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A SITE SELECTION INVESTMENT PROFILE
JOBSOHIO
From Site Selection magazine, January 2024
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In Ohio

Innovation is a Team Sport

JOBSOHIO
Columbus Crew leading scorer Cucho Hernandez celebrates after driving home a penalty kick in the 2023 MLS Cup Final on December 9, which the Crew won 2-1 before an overflow crowd at the team’s new Lower.com Field stadium.
Photo courtesy of Columbus Crew

K

eep the line moving. Make one more pass. Change the momentum. Go with the flow. Focus. Work together toward a common goal.

If cliches become cliches because they have a kernel of truth to them, it’s doubly true for sports. It may be triply true when it comes to the team approach to economic development in the Buckeye State.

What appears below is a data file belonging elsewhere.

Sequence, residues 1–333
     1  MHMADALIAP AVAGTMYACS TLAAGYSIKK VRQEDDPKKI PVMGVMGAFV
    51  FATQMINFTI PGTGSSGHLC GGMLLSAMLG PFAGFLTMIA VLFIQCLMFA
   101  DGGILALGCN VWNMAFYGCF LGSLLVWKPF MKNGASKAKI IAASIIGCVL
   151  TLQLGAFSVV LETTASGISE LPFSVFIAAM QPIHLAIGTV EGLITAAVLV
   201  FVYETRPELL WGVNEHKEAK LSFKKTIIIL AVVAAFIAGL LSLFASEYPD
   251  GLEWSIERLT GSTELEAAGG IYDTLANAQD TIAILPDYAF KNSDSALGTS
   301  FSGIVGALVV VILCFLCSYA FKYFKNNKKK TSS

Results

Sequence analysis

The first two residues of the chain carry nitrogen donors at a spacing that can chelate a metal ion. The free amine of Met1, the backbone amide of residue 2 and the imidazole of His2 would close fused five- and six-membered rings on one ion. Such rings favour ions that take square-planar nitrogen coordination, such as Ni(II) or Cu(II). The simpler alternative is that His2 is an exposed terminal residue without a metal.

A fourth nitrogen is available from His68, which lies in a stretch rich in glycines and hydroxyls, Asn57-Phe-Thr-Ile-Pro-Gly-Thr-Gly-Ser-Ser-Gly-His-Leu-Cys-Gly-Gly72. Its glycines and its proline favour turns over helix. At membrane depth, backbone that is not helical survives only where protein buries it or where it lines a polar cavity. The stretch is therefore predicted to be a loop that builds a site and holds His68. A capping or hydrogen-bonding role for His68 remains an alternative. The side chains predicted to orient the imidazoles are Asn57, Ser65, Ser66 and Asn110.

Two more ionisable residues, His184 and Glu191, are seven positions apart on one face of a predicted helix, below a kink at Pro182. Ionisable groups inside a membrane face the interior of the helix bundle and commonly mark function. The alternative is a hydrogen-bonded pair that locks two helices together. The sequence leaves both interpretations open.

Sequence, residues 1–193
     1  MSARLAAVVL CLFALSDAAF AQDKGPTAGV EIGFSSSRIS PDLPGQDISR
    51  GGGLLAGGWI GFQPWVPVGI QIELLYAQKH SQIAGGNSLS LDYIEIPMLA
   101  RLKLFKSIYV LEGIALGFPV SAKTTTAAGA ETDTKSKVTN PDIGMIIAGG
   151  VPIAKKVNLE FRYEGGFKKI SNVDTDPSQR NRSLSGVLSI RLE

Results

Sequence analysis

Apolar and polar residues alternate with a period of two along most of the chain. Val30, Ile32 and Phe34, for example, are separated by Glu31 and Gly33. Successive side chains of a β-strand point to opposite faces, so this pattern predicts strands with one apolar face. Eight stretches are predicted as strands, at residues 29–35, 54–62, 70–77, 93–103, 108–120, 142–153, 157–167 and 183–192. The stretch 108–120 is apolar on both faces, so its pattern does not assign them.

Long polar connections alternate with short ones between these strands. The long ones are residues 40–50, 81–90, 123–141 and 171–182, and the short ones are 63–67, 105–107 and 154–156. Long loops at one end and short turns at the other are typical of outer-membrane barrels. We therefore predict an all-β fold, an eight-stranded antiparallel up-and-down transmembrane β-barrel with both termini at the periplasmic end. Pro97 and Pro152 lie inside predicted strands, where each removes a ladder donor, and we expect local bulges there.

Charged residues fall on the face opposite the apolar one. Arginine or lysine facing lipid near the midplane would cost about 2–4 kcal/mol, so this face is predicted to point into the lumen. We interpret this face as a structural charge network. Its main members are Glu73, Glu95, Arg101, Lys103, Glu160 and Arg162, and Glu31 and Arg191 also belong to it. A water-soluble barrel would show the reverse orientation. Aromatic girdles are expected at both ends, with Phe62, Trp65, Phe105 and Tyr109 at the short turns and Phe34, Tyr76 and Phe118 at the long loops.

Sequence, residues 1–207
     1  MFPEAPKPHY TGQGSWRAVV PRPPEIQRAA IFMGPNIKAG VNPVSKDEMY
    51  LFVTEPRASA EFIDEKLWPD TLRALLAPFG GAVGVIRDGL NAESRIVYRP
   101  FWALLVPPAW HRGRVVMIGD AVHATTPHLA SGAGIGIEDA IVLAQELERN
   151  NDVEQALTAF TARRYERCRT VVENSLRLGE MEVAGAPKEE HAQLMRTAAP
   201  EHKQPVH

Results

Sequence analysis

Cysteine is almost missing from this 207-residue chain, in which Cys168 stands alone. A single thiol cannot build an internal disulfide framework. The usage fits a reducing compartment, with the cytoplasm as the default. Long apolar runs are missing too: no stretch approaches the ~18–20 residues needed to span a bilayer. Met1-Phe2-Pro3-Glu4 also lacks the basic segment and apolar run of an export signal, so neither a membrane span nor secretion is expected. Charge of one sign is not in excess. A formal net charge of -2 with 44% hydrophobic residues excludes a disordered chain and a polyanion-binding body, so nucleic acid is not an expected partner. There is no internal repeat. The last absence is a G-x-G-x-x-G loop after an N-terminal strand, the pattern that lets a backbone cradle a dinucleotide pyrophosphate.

We all know there is no “I” in team, after all. But the team-based approach from JobsOhio is reaping dividends in areas where the “I”s have it: infrastructure, inclusion, institutions, ingenuity and innovation among them.

Go no further than renowned location advisor Dennis Cuneo, the partner at Fisher & Phillips LLP with decades of site selection experience that included his role as senior vice president of Toyota Motor North America helping launch manufacturing operations in North America.

Noting the momentum surrounding central Ohio and Columbus as Intel’s $20 billion fabrication complex rises in Licking County, Cuneo says, “It’s very exciting stuff. I think Ohio is on the cutting edge. I really do.” Strong institutions and critical-mass metros are among the reasons. But so is everyday life. “Ohio is a nice environment,” says the veteran site selector, noting that professionals moving from an expensive place like Silicon Valley “can buy a big house and send their kids to good schools.”

Schools like The Ohio State University, an important partner in the Columbus Innovation District, one of three Innovation Districts (including in Cleveland and Cincinnati) supported by JobsOhio.